Things are getting a bit fishy

You could cut the atmosphere with a knife. My heart was starting to race and I felt fear, but this time it wasn't from a giant insect or a wild animal. It was fear from this man standing in front of us, staring straight at my Aussie friend.

He had followed us from the night market in Stone Town, a place that had been buzzing with hungry people. An array of smells drifting from every corner, tantalising your taste buds. Away from the maze of lanes that lined the streets of Stone Town, next to the harbour was every kind of seafood you would expect to find on a tropical island; lobster, crab, prawns and many more fishy delights. There was also pizza (otherwise known as a pancake) for those who couldn't steer themselves away from their western comforts but as it was Africa, you even had to barter for your food.

It had been whilst we were tucking into our island delights, that a local had decided to join us. Well, not really join us; just stand and stare out the American in our group. Not wanting to challenge this ‘worse for wear looking‘ African man, we had moved away, only to be followed and joined again.

His aura filled me with an uneasy feeling. Why was he just staring at us? After what felt like an uncomfortable age, he spoke.

Where are you from?' he asked in a stoned drawl, pointing his spiny finger at my friend.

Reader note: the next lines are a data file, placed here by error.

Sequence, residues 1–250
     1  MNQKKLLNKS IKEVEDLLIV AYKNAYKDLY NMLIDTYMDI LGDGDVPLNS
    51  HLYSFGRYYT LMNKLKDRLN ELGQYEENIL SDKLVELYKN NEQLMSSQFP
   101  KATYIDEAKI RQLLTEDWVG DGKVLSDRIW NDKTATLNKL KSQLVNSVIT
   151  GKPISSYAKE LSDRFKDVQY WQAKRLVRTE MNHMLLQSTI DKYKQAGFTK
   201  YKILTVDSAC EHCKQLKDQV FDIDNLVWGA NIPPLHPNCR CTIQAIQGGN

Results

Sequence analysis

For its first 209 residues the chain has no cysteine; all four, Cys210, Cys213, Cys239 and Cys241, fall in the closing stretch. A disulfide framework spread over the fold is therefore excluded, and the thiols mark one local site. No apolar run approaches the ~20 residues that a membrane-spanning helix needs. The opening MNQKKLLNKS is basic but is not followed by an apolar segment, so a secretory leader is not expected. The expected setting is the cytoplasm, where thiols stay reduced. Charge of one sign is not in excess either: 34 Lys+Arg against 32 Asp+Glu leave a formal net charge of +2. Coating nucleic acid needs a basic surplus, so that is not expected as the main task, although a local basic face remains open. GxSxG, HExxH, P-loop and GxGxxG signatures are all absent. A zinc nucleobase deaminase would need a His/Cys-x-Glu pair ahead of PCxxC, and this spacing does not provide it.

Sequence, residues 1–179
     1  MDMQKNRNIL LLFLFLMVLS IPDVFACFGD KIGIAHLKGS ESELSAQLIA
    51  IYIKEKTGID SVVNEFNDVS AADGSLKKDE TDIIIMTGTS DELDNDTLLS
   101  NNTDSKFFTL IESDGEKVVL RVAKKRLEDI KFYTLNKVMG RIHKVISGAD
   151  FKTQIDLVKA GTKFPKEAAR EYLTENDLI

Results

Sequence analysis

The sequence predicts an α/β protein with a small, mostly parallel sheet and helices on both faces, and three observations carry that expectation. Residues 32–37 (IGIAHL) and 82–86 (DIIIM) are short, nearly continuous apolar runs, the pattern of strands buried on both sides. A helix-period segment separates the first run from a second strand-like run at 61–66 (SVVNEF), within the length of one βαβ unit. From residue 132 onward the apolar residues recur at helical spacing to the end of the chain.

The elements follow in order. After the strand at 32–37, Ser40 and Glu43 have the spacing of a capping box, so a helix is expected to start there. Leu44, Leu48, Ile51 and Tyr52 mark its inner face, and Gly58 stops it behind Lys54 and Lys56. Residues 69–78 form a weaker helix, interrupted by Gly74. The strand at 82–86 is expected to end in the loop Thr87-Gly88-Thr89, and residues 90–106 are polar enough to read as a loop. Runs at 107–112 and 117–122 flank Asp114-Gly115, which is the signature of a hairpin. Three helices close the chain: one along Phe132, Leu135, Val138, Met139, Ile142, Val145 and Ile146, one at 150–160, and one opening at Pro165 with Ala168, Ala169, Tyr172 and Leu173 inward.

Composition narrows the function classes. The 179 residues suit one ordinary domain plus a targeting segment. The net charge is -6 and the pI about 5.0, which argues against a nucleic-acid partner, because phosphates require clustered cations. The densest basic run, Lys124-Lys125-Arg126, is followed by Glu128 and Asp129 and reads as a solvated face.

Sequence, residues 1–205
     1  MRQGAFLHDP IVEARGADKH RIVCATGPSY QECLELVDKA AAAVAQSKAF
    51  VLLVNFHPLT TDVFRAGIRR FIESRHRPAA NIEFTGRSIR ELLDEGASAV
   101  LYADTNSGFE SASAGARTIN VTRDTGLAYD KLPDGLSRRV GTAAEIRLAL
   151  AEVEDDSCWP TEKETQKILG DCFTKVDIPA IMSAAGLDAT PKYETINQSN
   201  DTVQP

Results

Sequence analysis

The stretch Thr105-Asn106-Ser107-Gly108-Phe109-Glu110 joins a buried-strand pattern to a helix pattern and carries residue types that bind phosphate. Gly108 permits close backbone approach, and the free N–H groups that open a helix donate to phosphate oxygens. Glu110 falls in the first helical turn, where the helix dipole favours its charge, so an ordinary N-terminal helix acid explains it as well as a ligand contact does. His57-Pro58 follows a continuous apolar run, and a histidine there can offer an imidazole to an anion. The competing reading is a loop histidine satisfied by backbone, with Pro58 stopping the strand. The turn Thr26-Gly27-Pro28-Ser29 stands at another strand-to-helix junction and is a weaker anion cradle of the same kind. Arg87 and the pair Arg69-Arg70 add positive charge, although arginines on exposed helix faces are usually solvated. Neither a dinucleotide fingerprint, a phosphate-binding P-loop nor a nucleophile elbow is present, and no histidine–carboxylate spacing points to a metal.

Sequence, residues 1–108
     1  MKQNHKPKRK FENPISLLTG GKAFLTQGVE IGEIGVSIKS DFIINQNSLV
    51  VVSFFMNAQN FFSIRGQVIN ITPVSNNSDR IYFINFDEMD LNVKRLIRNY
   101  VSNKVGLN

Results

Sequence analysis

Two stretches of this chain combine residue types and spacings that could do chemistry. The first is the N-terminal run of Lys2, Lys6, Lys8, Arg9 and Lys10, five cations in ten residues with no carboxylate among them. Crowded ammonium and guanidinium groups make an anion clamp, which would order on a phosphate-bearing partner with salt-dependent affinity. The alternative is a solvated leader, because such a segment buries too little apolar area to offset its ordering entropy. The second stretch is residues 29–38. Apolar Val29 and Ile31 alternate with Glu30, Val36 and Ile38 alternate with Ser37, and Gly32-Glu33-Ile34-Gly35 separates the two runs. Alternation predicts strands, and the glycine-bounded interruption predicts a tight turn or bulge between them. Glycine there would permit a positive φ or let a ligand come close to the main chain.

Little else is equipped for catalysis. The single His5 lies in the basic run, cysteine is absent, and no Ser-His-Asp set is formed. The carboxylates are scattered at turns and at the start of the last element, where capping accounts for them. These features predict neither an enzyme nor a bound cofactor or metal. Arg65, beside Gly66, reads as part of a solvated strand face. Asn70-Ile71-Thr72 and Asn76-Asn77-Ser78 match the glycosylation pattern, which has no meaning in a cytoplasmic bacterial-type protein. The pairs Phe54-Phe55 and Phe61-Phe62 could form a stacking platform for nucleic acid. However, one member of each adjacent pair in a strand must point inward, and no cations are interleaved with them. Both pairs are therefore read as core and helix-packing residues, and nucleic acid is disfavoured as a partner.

‘Australia,' he answered.
‘And you?‘ he turned to my right hand side.

Everyone answered in turn, except me.

He didn't ask me and if he had I would have said England. Not knowing at that point that he hated Americans and the British. Not knowing, that anyone from those countries caused his blood to boil with rage as he wanted revenge. Revenge for his family in Nigeria who had been tortured and killed by Americans. (God knows, where England came into it).

With each word of his story, his voice was filled with more bitterness until he was practically hissing with hatred.
‘How dare they come over here, after what they have done.'

He edged closer to my friend, his hand twitching inside his pocket that could've been concealing a knife or even a gun.

The maze of Stone Town

This wasn't the Zanzibar I had imagined.

I wanted sandy beaches, lovely people and a chilled out vibe;  the pristine beaches that beckoned you with their pure white innocence but here I was, frozen with fear at the hands of a local nutter, carrying a bible and sprouting off his hatred. I wanted to say something, wanted to say that it wasn't our fault what had happened to his family but as I looked around at the group's distressed faces, all I could see was fear and pity.

‘We're sorry for your loss,' said one of the group and beckoned for us all to stand up. We walked slowly past this man then picked up the pace as we turned the corner.

He was still following us and as we darted into the safety of our hotel's entrance, we all agreed that we couldn't wait to head north tomorrow to the Zanzibar that we had all been dreaming off.

Sunset at the African Bar



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